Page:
SW Radio Africa can reveal that the ZUJ executive at the centre of the
controversy is freelance journalist Grail Kupakuwana. His involvement in the
arrest of Maunganidze on Monday will raise suspicions that ZUJ is
infiltrated by scribes who are collaborating with state agencies to spy on
Maunganidze was on Monday interrogated by police in Harare for six hours,
over a story he wrote about a senior ZANU PF official, linked to the
disappearance of gifts meant for Mugabe. It's widely believed that the
official is Tourism Minister Walter Mzembi.
Hundreds of tonnes of sugar donated to Mugabe on his 86th birthday, by party
activists in Masvingo province, reportedly went missing and have never been
found. The 'theft' triggered a massive upheaval in the province with certain
top officials accusing each other of the disappearance.
Minister Mzembi immediately filed charges of criminal defamation against
Maunganidze. This is where the plot thickens. In a bid to unmask his
detractors Mzembi allegedly sought the help of Kupakuwana to use his
position to trap Maunganidze into revealing his sources.
It is believed Kupakuwana, in the company of fellow journalist Josiah Dimbo,
travelled to Masvingo on the 17th April at the behest of Mzembi. The duo
stayed at the Chevron hotel in room 35 and it's also alleged their
accomodation was paid for by the Ministry of Tourism.
While in the town Kupakuwana sent Maunganidze several text messages,
implying that he also wanted to write about the 'sugar-gate' story, almost
pleading with Maunganidze to sign post him towards his ZANU PF sources.
Maunganidze to his credit, did not reveal any names but suggested to
Kupakuwana that he approach a rival faction ZANU PF in the province.
It emerged that when Maunganidze was under interrogation at the Harare
central police station, officers there showed him a number of the text
messages that he exchanged with Kupakuwana. The ZUJ executive allegedly
forwarded the texts to Mzembi, who in turn sent them to the police.
The text messages form part of the evidence police are using against
Maunganidze, who has been charged with criminal defamation. When the case
goes to court Kupakuwana might be summoned to testify as a state witness,
but that would completely blow his cover.
The leaking of the texts provides 'smoking gun' evidence that some
journalists are colluding with ministers and state security agents to spy on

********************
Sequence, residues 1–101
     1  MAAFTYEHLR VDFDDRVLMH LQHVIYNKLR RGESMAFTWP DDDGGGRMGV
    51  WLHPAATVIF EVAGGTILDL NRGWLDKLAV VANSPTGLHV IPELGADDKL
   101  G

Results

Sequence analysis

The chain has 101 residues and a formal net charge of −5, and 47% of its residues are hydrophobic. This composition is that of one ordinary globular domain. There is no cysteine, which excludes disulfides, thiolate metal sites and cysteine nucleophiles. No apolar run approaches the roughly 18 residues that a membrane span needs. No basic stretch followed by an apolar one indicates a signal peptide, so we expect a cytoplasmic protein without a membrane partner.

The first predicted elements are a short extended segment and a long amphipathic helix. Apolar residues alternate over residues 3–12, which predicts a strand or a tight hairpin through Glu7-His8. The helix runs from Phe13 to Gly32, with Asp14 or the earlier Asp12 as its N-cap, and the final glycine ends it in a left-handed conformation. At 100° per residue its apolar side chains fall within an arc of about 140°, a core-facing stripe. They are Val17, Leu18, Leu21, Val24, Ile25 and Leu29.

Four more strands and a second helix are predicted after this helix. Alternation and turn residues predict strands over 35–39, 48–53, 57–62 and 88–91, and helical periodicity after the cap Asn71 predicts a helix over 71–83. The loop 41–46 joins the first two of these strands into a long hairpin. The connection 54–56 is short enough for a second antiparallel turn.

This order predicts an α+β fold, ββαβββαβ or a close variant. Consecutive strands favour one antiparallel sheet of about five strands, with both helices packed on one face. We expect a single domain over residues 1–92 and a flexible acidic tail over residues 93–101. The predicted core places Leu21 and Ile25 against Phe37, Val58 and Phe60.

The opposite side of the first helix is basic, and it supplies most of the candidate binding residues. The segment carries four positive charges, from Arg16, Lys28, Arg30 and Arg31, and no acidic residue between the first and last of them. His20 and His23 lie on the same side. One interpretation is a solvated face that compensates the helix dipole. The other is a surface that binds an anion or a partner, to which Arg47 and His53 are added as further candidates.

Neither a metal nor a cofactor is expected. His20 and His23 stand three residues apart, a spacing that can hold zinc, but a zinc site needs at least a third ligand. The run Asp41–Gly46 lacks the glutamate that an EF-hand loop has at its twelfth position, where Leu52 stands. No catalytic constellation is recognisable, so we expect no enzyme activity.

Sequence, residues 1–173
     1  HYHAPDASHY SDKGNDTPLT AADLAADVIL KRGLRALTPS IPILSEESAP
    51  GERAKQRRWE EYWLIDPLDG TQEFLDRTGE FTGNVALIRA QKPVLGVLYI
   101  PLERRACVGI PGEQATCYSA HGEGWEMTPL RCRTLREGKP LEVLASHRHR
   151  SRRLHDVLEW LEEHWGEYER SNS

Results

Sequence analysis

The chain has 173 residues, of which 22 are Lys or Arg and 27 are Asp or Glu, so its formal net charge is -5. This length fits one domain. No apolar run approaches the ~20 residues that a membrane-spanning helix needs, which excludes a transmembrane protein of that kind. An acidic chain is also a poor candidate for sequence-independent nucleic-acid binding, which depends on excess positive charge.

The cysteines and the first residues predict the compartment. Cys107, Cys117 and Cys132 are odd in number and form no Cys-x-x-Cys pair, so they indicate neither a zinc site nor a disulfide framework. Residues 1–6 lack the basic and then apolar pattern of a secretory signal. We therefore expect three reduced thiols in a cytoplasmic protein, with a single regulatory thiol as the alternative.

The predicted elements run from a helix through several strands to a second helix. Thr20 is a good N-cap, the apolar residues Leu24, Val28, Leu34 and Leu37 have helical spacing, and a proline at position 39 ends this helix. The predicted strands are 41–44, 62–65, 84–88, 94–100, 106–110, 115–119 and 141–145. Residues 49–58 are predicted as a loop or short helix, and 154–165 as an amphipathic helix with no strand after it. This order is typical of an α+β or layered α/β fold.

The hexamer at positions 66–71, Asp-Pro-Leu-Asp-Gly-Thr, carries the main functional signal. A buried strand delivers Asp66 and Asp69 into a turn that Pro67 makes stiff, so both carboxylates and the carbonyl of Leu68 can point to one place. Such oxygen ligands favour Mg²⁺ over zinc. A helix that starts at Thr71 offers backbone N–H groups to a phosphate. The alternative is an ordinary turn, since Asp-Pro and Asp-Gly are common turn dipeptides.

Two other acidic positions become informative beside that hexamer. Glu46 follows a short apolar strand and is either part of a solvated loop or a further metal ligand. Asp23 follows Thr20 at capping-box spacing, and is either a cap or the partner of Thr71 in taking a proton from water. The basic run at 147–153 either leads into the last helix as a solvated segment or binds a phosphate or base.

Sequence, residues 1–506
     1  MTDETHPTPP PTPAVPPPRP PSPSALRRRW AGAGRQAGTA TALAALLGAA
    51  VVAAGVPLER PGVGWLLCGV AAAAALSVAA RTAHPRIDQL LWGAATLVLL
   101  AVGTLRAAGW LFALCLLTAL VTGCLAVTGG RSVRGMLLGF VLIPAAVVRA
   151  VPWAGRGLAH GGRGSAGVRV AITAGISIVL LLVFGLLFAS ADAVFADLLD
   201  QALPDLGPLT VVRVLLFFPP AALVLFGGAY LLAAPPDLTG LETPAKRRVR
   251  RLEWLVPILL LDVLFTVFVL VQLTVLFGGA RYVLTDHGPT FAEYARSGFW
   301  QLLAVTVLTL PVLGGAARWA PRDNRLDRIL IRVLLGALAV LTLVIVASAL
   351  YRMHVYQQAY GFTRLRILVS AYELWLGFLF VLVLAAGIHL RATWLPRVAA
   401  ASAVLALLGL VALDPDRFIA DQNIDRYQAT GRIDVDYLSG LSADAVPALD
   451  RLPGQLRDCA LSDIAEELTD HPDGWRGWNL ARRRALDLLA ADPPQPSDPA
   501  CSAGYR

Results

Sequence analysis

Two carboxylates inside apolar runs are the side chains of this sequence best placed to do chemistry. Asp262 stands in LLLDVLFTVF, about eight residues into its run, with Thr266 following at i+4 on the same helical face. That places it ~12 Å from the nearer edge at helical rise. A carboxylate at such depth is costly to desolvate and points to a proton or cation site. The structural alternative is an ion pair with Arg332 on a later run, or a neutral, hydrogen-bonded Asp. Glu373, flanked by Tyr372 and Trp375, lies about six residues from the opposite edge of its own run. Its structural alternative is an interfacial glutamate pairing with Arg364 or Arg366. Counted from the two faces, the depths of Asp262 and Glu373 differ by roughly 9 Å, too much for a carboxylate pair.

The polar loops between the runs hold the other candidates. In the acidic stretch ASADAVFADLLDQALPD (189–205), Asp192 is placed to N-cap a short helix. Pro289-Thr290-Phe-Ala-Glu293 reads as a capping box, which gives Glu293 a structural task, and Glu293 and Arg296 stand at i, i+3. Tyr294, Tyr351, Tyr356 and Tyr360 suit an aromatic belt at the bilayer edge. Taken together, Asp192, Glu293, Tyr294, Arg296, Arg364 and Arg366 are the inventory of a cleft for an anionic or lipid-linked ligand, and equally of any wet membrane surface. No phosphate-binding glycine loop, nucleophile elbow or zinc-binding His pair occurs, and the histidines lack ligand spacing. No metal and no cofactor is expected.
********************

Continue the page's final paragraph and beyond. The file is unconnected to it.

Maunganidze told us he was 'shell shocked' that a fellow journalist would
stoop that low to spy on him in an effort to collate information that would
be used to settle a political feud.
19 journalists from Masvingo province wrote a petition to ZUJ on Wednesday,
demanding that they suspend Kupakuwana from the executive, pending
dismissal. ZUJ Secretary-General Foster Dongozi told us he could not comment
now as these were still allegations leveled against Kupakuwana.
'To be honest I'm hearing this story from you now, but if a petition has
been sent to ZUJ I will see it and deal with the matter as an executive.
What I know about the Maunganidze case is that he wrote a story linking
Mzembi to the theft of Mudhara's (Mugabe) sugar in Masvingo. We will
certainly look into the case,' Dongozi said.
Many journalists in Zimbabwe have compromised themselves in the past decade
while working for the state controlled media. They became the voice of the
ZANU PF oppression, and unfortunately that continues today.
Written by Gift Phiri
Wednesday, 12 May 2010 14:25
HARARE - At least 2,000 carats of Zimbabwean diamonds are being smuggled out
of the country each day from South African mining company Canadile's plant
This contravenes the Kimberley Process, a diamond watchdog reported this
week. The Mutare-based Centre for Research and Development warned that large
quantities of Chiadzwa diamonds were finding their way to local and foreign
Given the militarisation of the diamond fields and continued reports of
violence in the area, these illicit movements of diamonds compromise the
legitimate international trade in KP-certified diamonds, and are a clear
signal that Zimbabwe is no longer able to control its diamond exports.
"Security loopholes at Canadile's plant in Chiadzwa are costing Zimbabwe
about 2000 carats per day," the CRD said in a statement to The Zimbabwean.
"Company employees have overtaken illegal panners and soldiers in supplying
diamonds to local and foreign buyers, who descend on Chiadzwa daily in
search of the precious stones. Many of the stones are stolen at the Density
Medium Separator, popularly known as The Plant. There are no security
cameras on the Density Medium Separator that separates diamonds from the
soil," read the statement.
A British company, African Consolidated Resources plc (ACR), is the legal
leaseholder of the Marange diamond fields, now being exploited by Canadile
Miners and Mbada Mining (Pvt) Ltd, working in joint ventures with the
parastatal, Zimbabwe Mining Development Corporation.